Regarding disabling the missing index feature, the only supported way to do that is to start SQL Server from the command line with the -x switch. That is not what you want, but it does set a limit on your options.

4

Housekeeping:

I am using SQL Server Microsoft SQL Server 2012 - 11.0.5343.0 (X64)

Solution:

You can use WITH RECOMPILE in your stored procedure.

Start by creating a test database, table, some indexes, and finally test data.

USE [master];
GO

IF DATABASEPROPERTYEX (N'test', N'Version') > 0
BEGIN
    ALTER DATABASE [test] SET SINGLE_USER
        WITH ROLLBACK IMMEDIATE;
    DROP DATABASE [test];
END
GO

CREATE DATABASE [test];
GO

USE [test];
GO

IF OBJECT_ID('dbo.tbl','U') IS NOT NULL
BEGIN
    DROP TABLE dbo.tbl;
END;
CREATE TABLE dbo.tbl
(
      c1 INT NOT NULL
    , c2 DATETIME NOT NULL
    , c3 CHAR(7000) NOT NULL  
);
GO

-- Insert 20,000 different dates
INSERT INTO dbo.tbl 
    SELECT DISTINCT TOP 1000
        number
      , DATEADD(DAY , number , GETDATE())
      , 'a'  
    FROM
        master..spt_values
    WHERE
        number > 0;
GO 20


-- Add a couple indexes
-- This is a non-unique clustered index
--   so, there will be a 4-byte uniqueifier column
--   added to the row within the page
CREATE CLUSTERED INDEX CIX_tbl_c1
    ON dbo.tbl (c1 ASC);
GO
--CREATE NONCLUSTERED INDEX IX_tbl_c2
--    ON dbo.tbl (c2 ASC);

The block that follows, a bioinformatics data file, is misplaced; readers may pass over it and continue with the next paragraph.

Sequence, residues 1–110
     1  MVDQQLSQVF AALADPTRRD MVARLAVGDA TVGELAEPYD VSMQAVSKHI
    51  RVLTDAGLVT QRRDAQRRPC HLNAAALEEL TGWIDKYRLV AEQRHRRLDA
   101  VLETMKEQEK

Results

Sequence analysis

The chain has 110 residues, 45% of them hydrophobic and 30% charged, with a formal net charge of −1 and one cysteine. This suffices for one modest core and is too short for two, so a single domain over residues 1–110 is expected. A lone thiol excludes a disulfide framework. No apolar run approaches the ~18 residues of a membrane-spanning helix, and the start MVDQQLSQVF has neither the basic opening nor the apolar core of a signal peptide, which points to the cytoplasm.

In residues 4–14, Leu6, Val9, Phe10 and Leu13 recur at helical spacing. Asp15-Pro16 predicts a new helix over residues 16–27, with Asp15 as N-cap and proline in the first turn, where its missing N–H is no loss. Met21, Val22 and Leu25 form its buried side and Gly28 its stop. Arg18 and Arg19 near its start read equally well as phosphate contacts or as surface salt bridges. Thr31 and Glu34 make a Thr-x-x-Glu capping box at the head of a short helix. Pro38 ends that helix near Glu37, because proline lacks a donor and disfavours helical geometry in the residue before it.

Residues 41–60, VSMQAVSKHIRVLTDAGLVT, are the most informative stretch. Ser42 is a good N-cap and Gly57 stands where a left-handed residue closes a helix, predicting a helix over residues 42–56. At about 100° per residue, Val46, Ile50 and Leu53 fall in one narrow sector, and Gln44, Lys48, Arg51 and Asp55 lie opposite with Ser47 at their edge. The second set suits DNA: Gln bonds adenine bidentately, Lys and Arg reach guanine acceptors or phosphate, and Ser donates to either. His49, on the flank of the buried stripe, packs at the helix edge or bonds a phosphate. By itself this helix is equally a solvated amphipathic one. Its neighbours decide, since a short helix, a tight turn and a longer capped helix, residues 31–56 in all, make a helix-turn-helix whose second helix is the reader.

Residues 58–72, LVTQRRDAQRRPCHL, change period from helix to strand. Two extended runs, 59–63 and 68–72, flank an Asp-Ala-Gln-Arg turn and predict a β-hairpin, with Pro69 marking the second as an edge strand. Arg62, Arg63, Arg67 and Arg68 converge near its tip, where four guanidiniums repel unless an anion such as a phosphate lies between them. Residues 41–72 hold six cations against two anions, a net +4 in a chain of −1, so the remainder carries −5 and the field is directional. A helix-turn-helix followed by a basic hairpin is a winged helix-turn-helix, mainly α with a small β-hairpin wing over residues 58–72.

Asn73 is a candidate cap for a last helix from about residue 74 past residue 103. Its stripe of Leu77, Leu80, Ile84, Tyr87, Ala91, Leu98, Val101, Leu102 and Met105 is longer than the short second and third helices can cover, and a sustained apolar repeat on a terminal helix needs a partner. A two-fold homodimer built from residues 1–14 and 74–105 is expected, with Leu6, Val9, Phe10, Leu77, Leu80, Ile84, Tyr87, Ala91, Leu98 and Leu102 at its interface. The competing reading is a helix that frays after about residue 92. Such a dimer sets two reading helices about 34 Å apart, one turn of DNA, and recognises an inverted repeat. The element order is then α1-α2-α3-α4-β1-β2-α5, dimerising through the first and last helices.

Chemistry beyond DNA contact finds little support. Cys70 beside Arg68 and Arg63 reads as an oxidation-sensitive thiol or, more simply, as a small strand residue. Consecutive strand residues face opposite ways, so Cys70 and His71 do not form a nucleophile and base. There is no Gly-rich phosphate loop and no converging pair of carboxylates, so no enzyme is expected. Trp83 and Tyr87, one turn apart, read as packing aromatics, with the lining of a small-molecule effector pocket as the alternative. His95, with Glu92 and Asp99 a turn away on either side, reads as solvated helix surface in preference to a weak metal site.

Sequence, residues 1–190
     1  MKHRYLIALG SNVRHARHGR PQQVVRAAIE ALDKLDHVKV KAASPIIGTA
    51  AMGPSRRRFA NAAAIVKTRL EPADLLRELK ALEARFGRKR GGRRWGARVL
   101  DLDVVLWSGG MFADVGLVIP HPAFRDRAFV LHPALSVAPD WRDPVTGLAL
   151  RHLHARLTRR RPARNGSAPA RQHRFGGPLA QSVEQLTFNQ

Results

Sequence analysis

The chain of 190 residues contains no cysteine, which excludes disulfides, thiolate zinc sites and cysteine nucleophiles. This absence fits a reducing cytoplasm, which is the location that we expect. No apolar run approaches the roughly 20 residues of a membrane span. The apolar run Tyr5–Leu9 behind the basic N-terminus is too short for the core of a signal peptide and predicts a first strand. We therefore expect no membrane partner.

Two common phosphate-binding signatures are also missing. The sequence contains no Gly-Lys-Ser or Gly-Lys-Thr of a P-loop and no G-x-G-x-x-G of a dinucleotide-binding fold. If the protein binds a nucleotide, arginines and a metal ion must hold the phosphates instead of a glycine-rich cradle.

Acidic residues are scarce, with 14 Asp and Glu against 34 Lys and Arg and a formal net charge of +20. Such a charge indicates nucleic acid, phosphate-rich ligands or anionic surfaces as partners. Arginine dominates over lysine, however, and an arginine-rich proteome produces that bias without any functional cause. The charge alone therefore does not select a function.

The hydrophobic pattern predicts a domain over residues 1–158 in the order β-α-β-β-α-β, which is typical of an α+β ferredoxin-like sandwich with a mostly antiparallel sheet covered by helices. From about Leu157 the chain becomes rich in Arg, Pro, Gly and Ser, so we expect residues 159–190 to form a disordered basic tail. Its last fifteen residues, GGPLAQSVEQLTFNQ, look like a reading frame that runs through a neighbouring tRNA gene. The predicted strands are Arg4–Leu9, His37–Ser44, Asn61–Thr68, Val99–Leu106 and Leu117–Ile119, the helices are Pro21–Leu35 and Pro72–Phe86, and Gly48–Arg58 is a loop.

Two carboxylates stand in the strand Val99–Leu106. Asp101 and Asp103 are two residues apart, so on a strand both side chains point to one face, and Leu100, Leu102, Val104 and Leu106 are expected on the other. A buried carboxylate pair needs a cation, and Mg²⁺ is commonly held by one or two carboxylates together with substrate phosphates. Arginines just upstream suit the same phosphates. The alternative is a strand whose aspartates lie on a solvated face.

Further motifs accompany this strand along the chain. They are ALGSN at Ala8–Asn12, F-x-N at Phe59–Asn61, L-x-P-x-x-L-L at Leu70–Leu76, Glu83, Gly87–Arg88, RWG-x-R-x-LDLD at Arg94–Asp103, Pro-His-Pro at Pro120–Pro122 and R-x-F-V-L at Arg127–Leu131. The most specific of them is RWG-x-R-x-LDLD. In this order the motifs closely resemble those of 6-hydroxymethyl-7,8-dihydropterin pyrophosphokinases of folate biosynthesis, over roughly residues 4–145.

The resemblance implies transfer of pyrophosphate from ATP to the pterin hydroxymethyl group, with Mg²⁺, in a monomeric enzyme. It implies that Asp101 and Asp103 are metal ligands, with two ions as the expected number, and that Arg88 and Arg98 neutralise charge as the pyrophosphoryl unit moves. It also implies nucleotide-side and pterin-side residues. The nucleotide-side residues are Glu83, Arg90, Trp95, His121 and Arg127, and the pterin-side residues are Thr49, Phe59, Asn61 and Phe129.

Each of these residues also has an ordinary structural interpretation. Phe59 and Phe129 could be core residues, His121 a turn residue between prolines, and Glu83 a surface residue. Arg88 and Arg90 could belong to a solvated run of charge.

--GO

Add a stored procedure:

USE [test];
GO

CREATE PROCEDURE dbo.TestProc @i INT
       --WITH RECOMPILE
AS 
       SELECT DISTINCT
           c1
       FROM
           dbo.tbl
       WHERE
           c1 = @i;
GO

Now, free your cache (do not do this in production!) and check it.

-- Free your cache
DBCC FREEPROCCACHE;
GO

-- What is in my cache?
USE [master];
GO

SELECT
    usecounts
  , refcounts
  , cacheobjtype
  , objtype
  , DB_NAME([dbid])
  , [sql]
FROM
    syscacheobjects
ORDER BY
    [dbid]
  , usecounts DESC
  , objtype;
GO

Execute your procedure one time and check the cache.

-- Execute my stored procedure once
USE [test];
GO
EXEC dbo.TestProc @i = 10;
GO

-- Re-check the cache
USE [master];
GO

SELECT
    usecounts
  , refcounts
  , cacheobjtype
  , objtype
  , DB_NAME([dbid])
  , [sql]
FROM
    syscacheobjects
ORDER BY
    [dbid]
  , usecounts DESC
  , objtype;
GO

Your plan is there and has been used once:

enter image description here

Now, alter your procedure WITH RECOMPILE.

-- Now, alter your procedure
USE [test];
GO

ALTER PROCEDURE dbo.TestProc @i INT
       WITH RECOMPILE
AS 
       SELECT DISTINCT
           c1
       FROM
           dbo.tbl
       WHERE
           c1 = @i;
GO

Free your cache one more time, execute your procedure, and then check the cache for an entry.

-- Free your cache
DBCC FREEPROCCACHE;
GO

-- Execute my stored procedure once
USE [test];
GO
EXEC dbo.TestProc @i = 10;
GO

-- Re-check the cache
USE [master];
GO

SELECT
    usecounts
  , refcounts
  , cacheobjtype
  , objtype
  , DB_NAME([dbid])
  , [sql]
FROM
    syscacheobjects
ORDER BY
    [dbid]
  , usecounts DESC
  , objtype;
GO
</pre>

It is not there! This should help you. enter image description here

Now, as for indexes, we can try this experiment:

USE [test];
GO

SELECT
    c2
FROM
    dbo.tbl
WHERE
    c2 > '09-15-2015';
GO

Here is the execution plan for this query:

Execution Plan

I can see the index requirement now.

SELECT
    index_handle
  , database_id
  , object_id
  , equality_columns
  , inequality_columns
  , included_columns
  , statement
FROM
    sys.dm_db_missing_index_details;
GO

Missing Index

  • @ooutwire unfortunately what I wanted was to avoid cluttering up my missing indexes views with any ad hoc queries since many ad hoc queries are unoptimized and will show up in that view. Based on the other posts this doesn't seem possible. – Kevin Kalitowski Aug 31 '15 at 12:31